The Problem of Plenty

 

Some photographers recently opined, on a popular social platform, that digital cameras have made us lazy… that the process of learning is no longer available, or even all that important. Oddly enough, some of these photographers are from beyond the time when film was the only available option. Were they to experience analogue photography in those terms, they would have called it unbelievably arduous. I believe that digital technology has unshackled us from it all. It has offered us a variety of easy choices with instant results. It has also allowed us to move beyond, to allow us to spend more time exploring subjects in depth, and create more photographs, with greater detail, with greater ease than ever before.

Don’t get me wrong. I dearly miss the romance of the old ways of things. Of analogue, where mistakes were easy, and painful, and the learnings rich and triumphs joyous. Of loading and winding, of cocking and locking, of developing tanks and darkrooms. We ‘archived’ negatives, transparencies and prints. In today’s parlance, the term is cold and impersonal… ‘storage’. Nowadays, I am increasingly hearing of dead drives and corrupt storage, and thousands of images lost in seconds, within a few years of having made them. On the other hand, imagine my joy when I was sent a portrait of my father, by one of his exceptional students, made over thirty years ago on black & white negative film, and carefully archived. There was some real chemistry back then, literally and figuratively.

Adding choices to photography in the days of film meant a lot of work and learning. For instance, a roll of film was sensitised to a single ASA (or ISO), usually at 100 or 200. And if you had to reduce the exposure for a critical shot, or in other words, use a 100 ASA roll of film at 400 ASA, you would need to push-process the film. Simple enough for those who knew how, but difficult to perfect in our climatic conditions. And there were those who got this down to a form of art. Using this technique, you could extend the reach of your flash, shoot handheld in lower levels of available light, or perhaps even freeze action where things would have otherwise been a blur.

All of this comes so easily with digital cameras. There are plenty of choices to go around… ‘plenty’ being the operative word. A large number of options and techniques that once took a lot of reading, trial and error, days of waiting to know whether experiments were successful, thereby making failures all the more expensive, are now available to pick and choose out of a menu, with results immediately viewable.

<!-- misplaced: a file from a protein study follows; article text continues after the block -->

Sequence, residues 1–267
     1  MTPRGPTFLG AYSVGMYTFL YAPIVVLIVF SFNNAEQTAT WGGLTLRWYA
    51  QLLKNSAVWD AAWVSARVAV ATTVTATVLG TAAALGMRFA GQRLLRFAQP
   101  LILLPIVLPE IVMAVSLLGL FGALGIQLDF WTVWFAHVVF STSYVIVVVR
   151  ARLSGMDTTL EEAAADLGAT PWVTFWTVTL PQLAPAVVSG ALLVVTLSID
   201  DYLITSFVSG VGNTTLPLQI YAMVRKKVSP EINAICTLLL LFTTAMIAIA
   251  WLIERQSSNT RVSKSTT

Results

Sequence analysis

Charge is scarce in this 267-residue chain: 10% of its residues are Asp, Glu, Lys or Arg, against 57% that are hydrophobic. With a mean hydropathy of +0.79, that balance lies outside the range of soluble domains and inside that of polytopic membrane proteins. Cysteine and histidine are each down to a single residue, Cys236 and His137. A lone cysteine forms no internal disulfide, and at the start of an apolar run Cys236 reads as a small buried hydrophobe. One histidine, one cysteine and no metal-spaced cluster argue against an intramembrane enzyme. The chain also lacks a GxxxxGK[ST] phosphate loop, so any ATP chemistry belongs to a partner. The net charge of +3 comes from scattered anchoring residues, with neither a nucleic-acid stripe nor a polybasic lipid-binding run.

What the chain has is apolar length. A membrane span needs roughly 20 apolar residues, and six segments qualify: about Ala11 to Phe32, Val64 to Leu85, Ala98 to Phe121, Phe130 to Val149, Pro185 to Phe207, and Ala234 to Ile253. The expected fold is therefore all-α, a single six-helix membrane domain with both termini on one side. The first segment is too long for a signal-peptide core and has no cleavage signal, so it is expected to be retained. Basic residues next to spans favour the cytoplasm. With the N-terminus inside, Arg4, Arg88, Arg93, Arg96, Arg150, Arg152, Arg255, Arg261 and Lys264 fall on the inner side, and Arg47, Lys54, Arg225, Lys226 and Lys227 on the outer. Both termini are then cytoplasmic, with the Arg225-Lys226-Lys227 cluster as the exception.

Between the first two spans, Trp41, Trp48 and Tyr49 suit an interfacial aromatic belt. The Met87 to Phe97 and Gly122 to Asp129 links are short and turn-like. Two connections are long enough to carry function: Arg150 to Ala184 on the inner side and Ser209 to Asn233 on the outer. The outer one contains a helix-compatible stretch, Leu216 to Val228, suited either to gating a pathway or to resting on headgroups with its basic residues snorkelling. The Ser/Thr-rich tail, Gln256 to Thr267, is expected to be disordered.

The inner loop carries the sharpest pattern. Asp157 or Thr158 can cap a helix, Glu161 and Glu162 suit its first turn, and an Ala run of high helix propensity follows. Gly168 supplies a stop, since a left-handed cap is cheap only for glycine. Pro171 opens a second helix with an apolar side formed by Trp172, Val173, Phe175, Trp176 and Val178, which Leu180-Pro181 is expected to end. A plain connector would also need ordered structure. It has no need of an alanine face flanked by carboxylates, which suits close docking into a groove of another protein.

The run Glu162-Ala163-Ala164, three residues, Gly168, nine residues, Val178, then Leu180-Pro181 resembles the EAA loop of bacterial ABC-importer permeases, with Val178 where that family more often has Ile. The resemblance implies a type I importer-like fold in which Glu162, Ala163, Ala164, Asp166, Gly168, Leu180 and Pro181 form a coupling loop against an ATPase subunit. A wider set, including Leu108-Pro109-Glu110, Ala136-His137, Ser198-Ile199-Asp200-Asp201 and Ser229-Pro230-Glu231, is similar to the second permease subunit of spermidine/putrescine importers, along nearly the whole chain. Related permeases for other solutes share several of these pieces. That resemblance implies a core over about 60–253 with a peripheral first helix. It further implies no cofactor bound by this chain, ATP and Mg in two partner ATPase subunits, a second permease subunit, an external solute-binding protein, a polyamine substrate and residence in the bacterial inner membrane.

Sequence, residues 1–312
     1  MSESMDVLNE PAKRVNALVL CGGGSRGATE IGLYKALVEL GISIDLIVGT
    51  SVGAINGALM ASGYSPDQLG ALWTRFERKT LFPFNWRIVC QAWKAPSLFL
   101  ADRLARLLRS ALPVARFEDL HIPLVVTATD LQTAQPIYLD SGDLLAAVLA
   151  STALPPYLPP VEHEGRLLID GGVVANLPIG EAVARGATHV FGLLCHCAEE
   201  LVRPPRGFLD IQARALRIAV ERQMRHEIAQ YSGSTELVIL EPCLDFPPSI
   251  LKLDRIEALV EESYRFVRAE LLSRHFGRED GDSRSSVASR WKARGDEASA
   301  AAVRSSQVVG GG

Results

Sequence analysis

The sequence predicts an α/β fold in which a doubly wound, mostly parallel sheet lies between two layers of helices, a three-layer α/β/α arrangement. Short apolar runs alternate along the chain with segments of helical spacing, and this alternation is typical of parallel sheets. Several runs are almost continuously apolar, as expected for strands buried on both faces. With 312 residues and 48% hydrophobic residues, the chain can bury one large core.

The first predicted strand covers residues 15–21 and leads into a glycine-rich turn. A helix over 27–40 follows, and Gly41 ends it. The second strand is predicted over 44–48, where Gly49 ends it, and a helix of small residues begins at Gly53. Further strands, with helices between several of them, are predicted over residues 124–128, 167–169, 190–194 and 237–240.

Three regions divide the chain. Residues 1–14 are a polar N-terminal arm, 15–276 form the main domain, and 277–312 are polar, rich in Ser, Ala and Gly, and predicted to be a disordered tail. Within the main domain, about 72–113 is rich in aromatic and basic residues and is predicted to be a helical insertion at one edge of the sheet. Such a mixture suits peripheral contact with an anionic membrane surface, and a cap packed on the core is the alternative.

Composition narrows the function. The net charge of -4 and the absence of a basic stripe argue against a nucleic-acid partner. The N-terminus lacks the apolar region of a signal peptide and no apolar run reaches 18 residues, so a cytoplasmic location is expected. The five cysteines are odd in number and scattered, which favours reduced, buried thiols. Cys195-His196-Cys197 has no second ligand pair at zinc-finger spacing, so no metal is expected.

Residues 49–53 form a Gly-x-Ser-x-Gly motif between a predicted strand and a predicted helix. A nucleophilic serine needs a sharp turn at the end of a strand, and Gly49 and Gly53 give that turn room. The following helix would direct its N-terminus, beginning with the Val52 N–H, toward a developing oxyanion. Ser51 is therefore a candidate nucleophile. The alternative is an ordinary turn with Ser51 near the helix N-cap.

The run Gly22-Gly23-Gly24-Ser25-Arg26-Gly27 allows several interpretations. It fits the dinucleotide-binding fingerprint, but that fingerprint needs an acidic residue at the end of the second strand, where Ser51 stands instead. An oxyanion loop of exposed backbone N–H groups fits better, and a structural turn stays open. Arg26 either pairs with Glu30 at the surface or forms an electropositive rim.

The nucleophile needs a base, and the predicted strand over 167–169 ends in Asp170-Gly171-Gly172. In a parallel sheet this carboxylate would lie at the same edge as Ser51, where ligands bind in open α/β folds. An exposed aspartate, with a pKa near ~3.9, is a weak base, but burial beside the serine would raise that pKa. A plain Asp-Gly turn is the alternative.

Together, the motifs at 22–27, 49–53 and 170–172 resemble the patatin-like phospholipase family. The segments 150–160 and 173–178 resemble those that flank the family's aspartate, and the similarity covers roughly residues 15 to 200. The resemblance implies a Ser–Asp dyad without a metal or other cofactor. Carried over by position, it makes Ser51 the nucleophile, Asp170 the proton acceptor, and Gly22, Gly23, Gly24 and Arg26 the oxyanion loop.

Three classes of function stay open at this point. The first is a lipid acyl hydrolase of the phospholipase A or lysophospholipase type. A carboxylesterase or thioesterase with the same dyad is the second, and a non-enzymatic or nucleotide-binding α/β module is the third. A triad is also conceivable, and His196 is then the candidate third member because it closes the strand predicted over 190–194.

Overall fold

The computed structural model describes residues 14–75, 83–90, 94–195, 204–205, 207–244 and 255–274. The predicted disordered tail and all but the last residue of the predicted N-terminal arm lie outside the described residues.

For those who wish to practise photography seriously, the value of having too many choices is certainly debatable. I have always maintained that constraints are the key to creativity. When was the last time you used the Scene modes of your camera? Or experimented with White Balance settings? In all probability, you simply set everything to Auto. When you have choices, you end up with a level of comfort.

As practitioners, comfort is a very dangerous thing. With resources in plenty, we tend to believe that any problem is easily solvable and, therefore, our solutions are rarely efficient. Waste, in photography, as it is in real life, is a problem of abundance, of being able to afford more than we can consume, of releasing the shutter unnecessarily, just because digital technology conveniently allows us to do so. This is the problem of plenty. Of having too much. And a lot of everything is simply wasted, often without knowing.

The opposite of that is the oddly happy circumstance of having very little, where frugal innovation, inventiveness, and thought gets a chance to flourish. When the choices are limited, the real mind-over-matter phenomenon occurs. There is an expansion of vision, a grip on reality, and perspectives on possibilities. I am in love with that little window called the viewfinder for this very reason. This is a tiny slice, walled and framed. But I can choose the how and what, of the unlimited, magnificent world outside, is seen through that window. That’s the game and the fun of it! The true worth of a choice is in making an informed, deliberate decision, with the knowledge of all the reasons and in anticipation of a certain outcome.

Digital photography allows us the freedom to make pictures right from the moment we buy a camera or a phone. All we need is a subject to explore… one that we are in love with… a muse. With a muse, the photographs, however technically flawed, are almost sure to be interesting because our perspectives are bound to be unique. This is also what makes the ‘Auto’ mode, in a sense, doubly valuable. Set the camera to Auto, and then you are free to love your subject without anything else getting in the way. And often, that’s good enough. And that’s all that matters.

I do not mean to say that technicalities are unnecessary. But as long as we know of the possibilities, technique is incidental to what we wish to create. The end dictates the means, the destination determines the path. And yet, the craft of it defines the art. And well thought out practice is, of course, essential for beautiful craft.

This article originally appeared in the July 2021 issue of Better Photography.

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